TONY COX, host:
From NPR News, this is News & Notes. I'm Tony Cox. President Barack Obama is back in Washington after a trip to Southern California, where he fielded questions from everyday voters in two town halls and sat down with "Tonight Show" host Jay Leno. Here they are talking about some of the flaws in our financial system.
(Soundbite of "The Tonight Show with Jay Leno")
Mr. JAY LENO (Host, "Tonight Show"): I watched those people in New York, even people who'd lost everything. When Bernard Madoff went to jail, at least they felt they got...
President BARACK OBAMA: Right.
Mr. LENO: Something.
President OBAMA: They got some satisfaction. Here is the dirty little secret, though. Most of the stuff that got us into trouble was perfectly legal. And that is a sign of how much we've got to change our laws.
COX: For a roundup of the president's trip, we turn now to NPR's senior Washington editor, Ron Elving. Hello, Ron.
RON ELVING: Good to be with you, Tony, although sad to be with you on this day.
COX: I understand and appreciate your thoughts. I was all set to ask you, Ron, about the president's appearance before two town hall meetings and how his message resonated with those in this state who are out of work - the unemployment numbers are near 24 percent in some counties - and to talk to you about AIG as well. But it seems his appearance on Jay Leno was getting most of the attention. That can't be what the White House wanted, is it?
ELVING: On the other hand, the attention that it's getting is primarily positive attention. And if you watched the broadcast, you had to be struck with how calm, how confident, how smooth this young man, who is our president, seemed. He seemed to be on top of it. He seemed to be somehow having a good time, even in these bad times, and yet he seemed to be quite cognizant of what was bad about the times and hopeful about what could be done to lead to better times. I thought it was a boffo performance on Leno, so it's certainly not bad for the president that that's getting a lot of attention, although they would have liked to have had more of the sense of those people at those town halls.
COX: And that little gaffe that he made is getting some headlines, but it may not go too, too far, do you think?
ELVING: It appears that the Special Olympics spokesperson, who is responding today, accepts the apology for that as an unintentional, sort of a slight.
COX: Now, the president first dropped down in Orange County, which is just south of L.A. - a county he lost, by the way, to Senator John McCain. He held the town hall meeting there, another one here yesterday. Talk about his calculated strategy to go directly to the people and how effective it's been so far. Interestingly, Ron, the issue of the AIG bonuses never came up in the first town hall meeting.
ELVING: That's right. I think some of that is a fascination on the part of people who are into the media coverage, into watching Wall Street. Perhaps a little bit more involved in the details of what exactly has gone wrong. A lot of people, especially on the ground, in the counties that are hardest hit in California, elsewhere around the country - you mentioned 24 percent unemployment in some California counties; Detroit, the city, has hit 22 percent. In places like that, people are less interested in talking about what went wrong than they are in how this can be turned around, how the situation can be made better, and how you can start creating jobs again. President Obama landed in Orange County and Santa Ana, which is a particular part of the city closer to the L.A. - a part of the county that is a little closer to L.A., and which has been becoming Democratic in recent elections. It used to be a hotbed of Republicanism a couple, three decades ago. Still - not so much anymore.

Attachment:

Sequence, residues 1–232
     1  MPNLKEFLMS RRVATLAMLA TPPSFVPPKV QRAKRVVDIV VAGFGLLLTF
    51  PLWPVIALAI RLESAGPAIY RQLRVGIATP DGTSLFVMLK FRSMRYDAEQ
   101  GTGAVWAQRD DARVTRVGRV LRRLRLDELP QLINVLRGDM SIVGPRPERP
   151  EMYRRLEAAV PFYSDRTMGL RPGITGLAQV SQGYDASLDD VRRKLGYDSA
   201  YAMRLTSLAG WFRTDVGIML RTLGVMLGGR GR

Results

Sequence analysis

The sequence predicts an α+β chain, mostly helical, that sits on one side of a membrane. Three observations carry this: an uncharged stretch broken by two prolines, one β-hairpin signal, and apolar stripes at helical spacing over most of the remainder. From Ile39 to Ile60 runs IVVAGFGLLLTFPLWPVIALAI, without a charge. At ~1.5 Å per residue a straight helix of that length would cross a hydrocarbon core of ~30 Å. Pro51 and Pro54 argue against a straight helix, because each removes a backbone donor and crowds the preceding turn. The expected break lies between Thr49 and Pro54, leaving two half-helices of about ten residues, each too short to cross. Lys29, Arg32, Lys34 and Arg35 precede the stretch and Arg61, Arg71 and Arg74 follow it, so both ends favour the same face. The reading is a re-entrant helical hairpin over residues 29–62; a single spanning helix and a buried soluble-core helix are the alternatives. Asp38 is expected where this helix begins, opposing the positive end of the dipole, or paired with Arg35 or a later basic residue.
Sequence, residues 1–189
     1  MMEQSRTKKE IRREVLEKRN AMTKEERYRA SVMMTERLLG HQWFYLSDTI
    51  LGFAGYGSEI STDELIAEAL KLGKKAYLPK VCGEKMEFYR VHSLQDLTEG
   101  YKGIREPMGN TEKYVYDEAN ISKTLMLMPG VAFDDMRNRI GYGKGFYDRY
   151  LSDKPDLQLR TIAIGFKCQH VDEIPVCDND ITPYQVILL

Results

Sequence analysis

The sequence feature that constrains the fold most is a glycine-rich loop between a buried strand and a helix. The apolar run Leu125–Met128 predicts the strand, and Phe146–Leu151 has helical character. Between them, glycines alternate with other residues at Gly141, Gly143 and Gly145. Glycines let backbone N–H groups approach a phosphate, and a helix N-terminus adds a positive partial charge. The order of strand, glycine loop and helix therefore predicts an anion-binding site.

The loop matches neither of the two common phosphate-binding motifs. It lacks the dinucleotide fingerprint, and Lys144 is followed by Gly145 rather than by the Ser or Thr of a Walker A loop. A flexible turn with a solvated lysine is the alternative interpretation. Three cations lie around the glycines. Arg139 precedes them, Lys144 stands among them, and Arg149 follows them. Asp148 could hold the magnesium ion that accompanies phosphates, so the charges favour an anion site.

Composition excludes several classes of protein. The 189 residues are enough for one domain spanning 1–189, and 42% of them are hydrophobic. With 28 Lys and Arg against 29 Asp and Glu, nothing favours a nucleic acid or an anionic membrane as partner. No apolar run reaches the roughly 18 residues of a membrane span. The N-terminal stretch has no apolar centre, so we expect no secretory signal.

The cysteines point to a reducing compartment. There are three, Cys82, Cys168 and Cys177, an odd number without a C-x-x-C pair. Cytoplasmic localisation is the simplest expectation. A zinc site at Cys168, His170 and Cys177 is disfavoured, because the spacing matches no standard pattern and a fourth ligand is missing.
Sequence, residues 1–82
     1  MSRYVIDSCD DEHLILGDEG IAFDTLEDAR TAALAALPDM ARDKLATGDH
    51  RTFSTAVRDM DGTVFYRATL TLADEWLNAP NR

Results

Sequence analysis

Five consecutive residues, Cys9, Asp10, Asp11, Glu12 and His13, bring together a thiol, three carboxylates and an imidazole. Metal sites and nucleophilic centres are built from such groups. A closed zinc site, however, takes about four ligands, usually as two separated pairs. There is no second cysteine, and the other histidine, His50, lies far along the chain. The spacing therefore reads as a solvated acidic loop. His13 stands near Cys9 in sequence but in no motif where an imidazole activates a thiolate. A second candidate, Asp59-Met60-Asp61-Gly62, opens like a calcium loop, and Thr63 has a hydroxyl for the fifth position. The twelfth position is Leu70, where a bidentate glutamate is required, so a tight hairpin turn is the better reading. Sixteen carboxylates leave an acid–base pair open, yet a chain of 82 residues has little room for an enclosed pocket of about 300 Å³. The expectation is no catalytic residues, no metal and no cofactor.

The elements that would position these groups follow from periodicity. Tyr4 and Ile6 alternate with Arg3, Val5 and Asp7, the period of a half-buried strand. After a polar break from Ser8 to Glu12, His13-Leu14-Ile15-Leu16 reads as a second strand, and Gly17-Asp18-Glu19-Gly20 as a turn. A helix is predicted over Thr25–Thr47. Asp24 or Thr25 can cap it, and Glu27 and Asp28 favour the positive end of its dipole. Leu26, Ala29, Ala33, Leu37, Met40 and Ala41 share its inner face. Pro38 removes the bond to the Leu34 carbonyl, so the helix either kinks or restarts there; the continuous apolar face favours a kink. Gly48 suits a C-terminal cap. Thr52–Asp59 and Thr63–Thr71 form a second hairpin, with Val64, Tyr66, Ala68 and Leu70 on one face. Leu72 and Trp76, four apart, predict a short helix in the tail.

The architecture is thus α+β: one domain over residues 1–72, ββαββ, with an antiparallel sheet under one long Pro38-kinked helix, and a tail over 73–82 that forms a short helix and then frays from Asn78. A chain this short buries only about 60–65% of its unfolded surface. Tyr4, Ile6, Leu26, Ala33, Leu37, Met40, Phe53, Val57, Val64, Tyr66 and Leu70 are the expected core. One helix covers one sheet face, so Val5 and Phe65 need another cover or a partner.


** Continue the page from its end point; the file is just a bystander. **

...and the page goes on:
COX: One thing more. You're in Washington. And Washington, Ron, is doing something right now that it is really good at, and that is pointing fingers at people who are vulnerable when something goes wrong. Treasury's Tim Geithner, Senate Banking chair Chris Dodd, AIG's Ed Liddy are all received - on the receiving end of a lot of the criticism over the escape clause that allowed the payment of that 165 million in bonuses. And now, Congress is trying to piecemeal legislation to get the money back somehow, perhaps through heavy taxation. How big a blunder is this for Barack Obama?
ELVING: I think it is a blunder. I think it's a distraction, to put it mildly, and it is a misdirection of the entire program to try to help the economy to recover. It's important that the president get that entire program back on track and get people focused on what can be done, as opposed to errors that have been made in the past. And it's more than errors, of course. It's also bad behavior on the part of some people we already knew were being over- compensated. Now we're finding out they're being overcompensated even after we learned just how bad they had been at trying to make money for AIG. So it's a distraction; it's a problem. The president has focused on it. It's not the derailment of his entire program, and I think some lessons will be learned about how to sell that program going forward.
COX: Ron Elving, thank you again. And let me also just thank you for the many contributions that you have made, the important ones to the success of News & Notes over the years. We appreciate it.
ELVING: It's been my very great pleasure to be with you, Tony.
COX: That was NPR's senior Washington editor, Ron Elving. He joined us from NPR's headquarters in Washington D.C.
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